Acorn Media has collected three of the four episodes comprising the series' 12th season for a Blu-ray box set.
If you think, "Why not all four?," know that the missing ep, "Murder on the Orient Express," already has made its high-def debut. If you think, "Isn't three episodes chintzy?," know that each is like a movie at 90 minutes long, give or take. And if you think, "Why would I want to see some old British people for that long?," know that you might be pleasantly surprised. It's difficult to imagine anyone who enjoys a smart mystery to be disappointed.
"Orient Express" marked my first exposure to David Suchet's portrayal of Christie's fussy, wax-'stached detective of the early 19th century. Not to knock Albert Finney, but Suchet embodies Poirot in the way so many think Jeremy Brett did Sherlock Holmes. That's evident in all three of these feature-length episodes.
One character in "Hallowe'en Party" says, "I love a good blood-curler, me," which is an apt description as any for the show in general. In this one, a 13-year-old girl in a bee costume not unlike that Blind Melon video is found dead at a children's Halloween get-together, where the big activity is a game played with flaming, alcohol-soaked raisins. Well, until murder arrives. It's the best of the three, and should make for a nice annual viewing as an alternative to more bloody Halloween fare.
The title of "The Clocks" refers not only to missing items, but also the layout of the neighborhood. But strange theft is the least of Poirot's worries when there's a dead body involved, too. As the murder grows getting complicated, Poirot reasons, "The solution: It must be very simple." His questioning takes him to a crazy cat lady, and includes some of his most awkward phrasing in "Have you told to the police the truth in everything?" and "Tell to me, if you please." Speaking of lines, the sharpest arrives when Poirot introduces himself to a precocious child, who retorts, "That's not a name. That's a noise!"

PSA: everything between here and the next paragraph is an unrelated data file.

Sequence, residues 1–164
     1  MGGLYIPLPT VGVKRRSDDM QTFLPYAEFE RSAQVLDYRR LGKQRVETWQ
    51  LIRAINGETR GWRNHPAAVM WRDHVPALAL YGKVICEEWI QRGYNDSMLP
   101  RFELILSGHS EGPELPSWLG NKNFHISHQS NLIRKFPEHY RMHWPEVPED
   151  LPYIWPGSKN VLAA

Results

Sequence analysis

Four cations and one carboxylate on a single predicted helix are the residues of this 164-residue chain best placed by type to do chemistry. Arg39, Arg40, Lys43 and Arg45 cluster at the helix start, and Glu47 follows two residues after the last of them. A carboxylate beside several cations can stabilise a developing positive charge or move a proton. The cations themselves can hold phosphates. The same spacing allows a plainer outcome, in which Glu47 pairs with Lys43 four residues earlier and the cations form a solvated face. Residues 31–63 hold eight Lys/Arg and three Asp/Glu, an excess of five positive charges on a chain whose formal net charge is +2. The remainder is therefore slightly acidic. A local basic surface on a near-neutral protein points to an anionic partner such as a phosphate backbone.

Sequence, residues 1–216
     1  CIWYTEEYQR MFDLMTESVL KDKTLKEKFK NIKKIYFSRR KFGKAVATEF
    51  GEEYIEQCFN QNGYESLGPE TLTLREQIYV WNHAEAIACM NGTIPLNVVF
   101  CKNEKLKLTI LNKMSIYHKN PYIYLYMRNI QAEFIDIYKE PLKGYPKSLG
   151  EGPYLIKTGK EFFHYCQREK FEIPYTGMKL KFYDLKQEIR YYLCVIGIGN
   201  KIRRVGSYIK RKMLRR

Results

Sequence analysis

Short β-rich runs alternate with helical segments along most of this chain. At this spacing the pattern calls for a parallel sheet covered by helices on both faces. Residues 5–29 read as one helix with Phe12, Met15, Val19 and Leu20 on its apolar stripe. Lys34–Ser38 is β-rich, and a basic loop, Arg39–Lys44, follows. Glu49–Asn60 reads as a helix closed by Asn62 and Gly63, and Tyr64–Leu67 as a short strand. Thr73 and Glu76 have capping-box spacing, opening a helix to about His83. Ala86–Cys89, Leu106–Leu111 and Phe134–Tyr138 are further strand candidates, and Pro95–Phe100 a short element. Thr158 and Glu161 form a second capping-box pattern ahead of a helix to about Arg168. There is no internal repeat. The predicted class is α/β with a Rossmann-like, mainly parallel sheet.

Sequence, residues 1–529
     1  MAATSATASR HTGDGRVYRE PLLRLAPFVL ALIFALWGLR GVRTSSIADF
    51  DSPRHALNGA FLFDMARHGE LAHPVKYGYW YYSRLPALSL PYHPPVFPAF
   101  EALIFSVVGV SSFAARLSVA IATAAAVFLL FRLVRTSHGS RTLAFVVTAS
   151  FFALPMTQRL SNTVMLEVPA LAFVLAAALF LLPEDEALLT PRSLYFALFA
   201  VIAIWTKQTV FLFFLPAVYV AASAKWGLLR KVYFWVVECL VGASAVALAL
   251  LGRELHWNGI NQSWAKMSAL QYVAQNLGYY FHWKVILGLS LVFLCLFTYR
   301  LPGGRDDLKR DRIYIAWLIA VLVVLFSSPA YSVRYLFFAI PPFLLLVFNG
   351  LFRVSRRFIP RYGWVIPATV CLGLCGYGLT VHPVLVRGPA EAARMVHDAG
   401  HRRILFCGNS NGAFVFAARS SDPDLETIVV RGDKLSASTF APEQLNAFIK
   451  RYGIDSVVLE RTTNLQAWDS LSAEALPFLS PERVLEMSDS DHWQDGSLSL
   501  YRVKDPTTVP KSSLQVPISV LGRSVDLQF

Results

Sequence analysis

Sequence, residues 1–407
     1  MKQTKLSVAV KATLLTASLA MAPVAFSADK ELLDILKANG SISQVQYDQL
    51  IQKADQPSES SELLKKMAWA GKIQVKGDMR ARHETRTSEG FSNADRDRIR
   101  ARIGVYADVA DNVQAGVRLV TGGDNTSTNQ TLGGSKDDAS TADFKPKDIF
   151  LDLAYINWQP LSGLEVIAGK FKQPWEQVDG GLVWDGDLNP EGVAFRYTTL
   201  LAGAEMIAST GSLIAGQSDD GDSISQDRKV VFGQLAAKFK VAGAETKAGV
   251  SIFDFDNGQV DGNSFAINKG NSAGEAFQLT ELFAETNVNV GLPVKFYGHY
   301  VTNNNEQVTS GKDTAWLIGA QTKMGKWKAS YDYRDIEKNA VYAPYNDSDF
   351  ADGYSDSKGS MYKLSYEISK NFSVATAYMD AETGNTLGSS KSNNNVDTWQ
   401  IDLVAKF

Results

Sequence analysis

Finally, there's "Three Act Tragedy," so named for its setting in the world of theater er, make that theatre. Poirot is called to the stage after one person drops dead, presumably of a poisoned drink. "Do you think anything untoward happened here tonight?" asks one of the men present, and it may as well be rhetorical, because it's hardly the last of the final-gulp killings. Just because "Three Act" is my least favorite of the three doesn't mean it isn't any good.
Prep yourself for dated vernacular, i.e. "forged codicil," but stories that have stood the test of time. Suchet's studied interpretation helps brings them to accessible life amid the period-perfect, upper-crust surroundings. Rod Lott